Volume 632, December 2019
|Number of page(s)||7|
|Published online||25 November 2019|
Reconstructing solar magnetic fields from historical observations
VI. Axial dipole moments of solar active regions in cycles 21−24
ReSoLVE Centre of Excellence, Space Climate Research Unit, University of Oulu, PO Box 3000, 90014 Oulu, Finland
2 National Solar Observatory, Boulder, CO 80303, USA
3 Pulkovo Astronomical Observatory, Russian Academy of Sciences, Pulkovskoye Shosse 65, Saint Petersburg 196140, Russian Federation
Accepted: 1 October 2019
Context. The axial dipole moments of emerging active regions control the evolution of the axial dipole moment of the whole photospheric magnetic field and the strength of polar fields. Hale’s and Joy’s laws of polarity and tilt orientation affect the sign of the axial dipole moment of an active region. If both laws are valid (or both violated), the sign of the axial moment is normal. However, for some active regions, only one of the two laws is violated, and the signs of these axial dipole moments are the opposite of normal. Those opposite-sign active regions can have a significant effect, for example, on the development of polar fields.
Aims. Our aim is to determine the axial dipole moments of active regions identified from magnetographic observations and study how the axial dipole moments of normal and opposite signs are distributed in time and latitude in solar cycles 21−24.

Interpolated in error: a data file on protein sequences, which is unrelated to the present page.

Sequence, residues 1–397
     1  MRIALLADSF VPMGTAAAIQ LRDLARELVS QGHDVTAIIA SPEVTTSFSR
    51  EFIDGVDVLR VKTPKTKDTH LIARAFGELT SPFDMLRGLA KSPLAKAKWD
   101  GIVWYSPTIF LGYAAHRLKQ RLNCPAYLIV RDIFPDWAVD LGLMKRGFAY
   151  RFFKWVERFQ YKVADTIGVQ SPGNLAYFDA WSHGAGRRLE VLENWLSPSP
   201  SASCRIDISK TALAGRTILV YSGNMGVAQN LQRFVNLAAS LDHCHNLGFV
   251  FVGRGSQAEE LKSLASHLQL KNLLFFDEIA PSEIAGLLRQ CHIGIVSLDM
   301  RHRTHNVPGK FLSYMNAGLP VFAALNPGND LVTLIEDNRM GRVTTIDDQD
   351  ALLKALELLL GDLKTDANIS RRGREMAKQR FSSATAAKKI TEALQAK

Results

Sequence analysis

Methods. We identified active regions in the synoptic maps of the photospheric magnetic field measured at the National Solar Observatory (NSO) Kitt Peak (KP) observatory, the Synoptic Optical Long term Investigations of the Sun (SOLIS) vector spectromagnetograph (VSM), and the Helioseismic and Magnetic Imager (HMI) aboard the Solar Dynamics Observatory (SDO), and determined their axial dipole moments.
Results. We find that, typically, some 30% of active regions have opposite-sign axial moments in every cycle, often making more than 20% of the total axial dipole moment. Most opposite-signed moments are small, but occasional large moments, which can affect the evolution of polar fields on their own, are observed. Active regions with such a large opposite-sign moment may include only a moderate amount of total magnetic flux. We find that in cycles 21−23 the northern hemisphere activates first and shows emergence of magnetic flux over a wider latitude range, while the southern hemisphere activates later, and emergence is concentrated to lower latitudes. Cycle 24 differs from cycles 21−23 in many ways. Cycle 24 is the only cycle where the northern butterfly wing includes more active regions than the southern wing, and where axial dipole moment of normal sign emerges on average later than opposite-signed axial dipole moment. The total axial dipole moment and even the average axial moment of active regions is smaller in cycle 24 than in previous cycles.
Key words: Sun: activity / Sun: magnetic fields / Sun: photosphere
© ESO 2019
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